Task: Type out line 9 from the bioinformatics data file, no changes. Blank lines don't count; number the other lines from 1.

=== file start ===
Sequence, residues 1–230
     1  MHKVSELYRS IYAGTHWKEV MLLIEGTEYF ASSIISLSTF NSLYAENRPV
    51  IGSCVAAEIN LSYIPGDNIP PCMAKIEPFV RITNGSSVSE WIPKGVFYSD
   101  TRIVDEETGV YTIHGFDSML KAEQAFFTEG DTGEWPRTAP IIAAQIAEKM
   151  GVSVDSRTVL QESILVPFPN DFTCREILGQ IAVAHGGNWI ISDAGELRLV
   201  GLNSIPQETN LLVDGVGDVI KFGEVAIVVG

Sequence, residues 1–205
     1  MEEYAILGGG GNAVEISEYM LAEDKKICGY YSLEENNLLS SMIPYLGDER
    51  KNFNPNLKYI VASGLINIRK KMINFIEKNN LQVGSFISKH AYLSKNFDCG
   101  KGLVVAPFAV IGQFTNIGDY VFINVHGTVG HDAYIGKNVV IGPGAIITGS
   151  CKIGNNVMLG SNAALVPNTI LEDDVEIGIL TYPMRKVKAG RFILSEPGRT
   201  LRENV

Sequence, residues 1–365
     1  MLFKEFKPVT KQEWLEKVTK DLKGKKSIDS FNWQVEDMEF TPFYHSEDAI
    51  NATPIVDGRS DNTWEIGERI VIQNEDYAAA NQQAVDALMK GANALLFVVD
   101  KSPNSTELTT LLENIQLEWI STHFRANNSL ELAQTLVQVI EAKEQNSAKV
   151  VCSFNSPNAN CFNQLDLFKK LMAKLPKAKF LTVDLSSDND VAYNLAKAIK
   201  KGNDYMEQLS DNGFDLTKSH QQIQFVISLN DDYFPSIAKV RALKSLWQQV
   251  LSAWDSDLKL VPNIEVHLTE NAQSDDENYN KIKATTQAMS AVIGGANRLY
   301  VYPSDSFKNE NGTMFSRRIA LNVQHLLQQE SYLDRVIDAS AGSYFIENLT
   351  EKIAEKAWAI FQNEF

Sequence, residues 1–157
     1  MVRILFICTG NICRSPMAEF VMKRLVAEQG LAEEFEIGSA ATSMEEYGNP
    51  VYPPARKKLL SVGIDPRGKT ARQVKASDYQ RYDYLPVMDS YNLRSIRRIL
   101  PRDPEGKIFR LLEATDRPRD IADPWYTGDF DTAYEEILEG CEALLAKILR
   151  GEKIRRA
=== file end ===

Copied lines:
    51  KNFNPNLKYI VASGLINIRK KMINFIEKNN LQVGSFISKH AYLSKNFDCG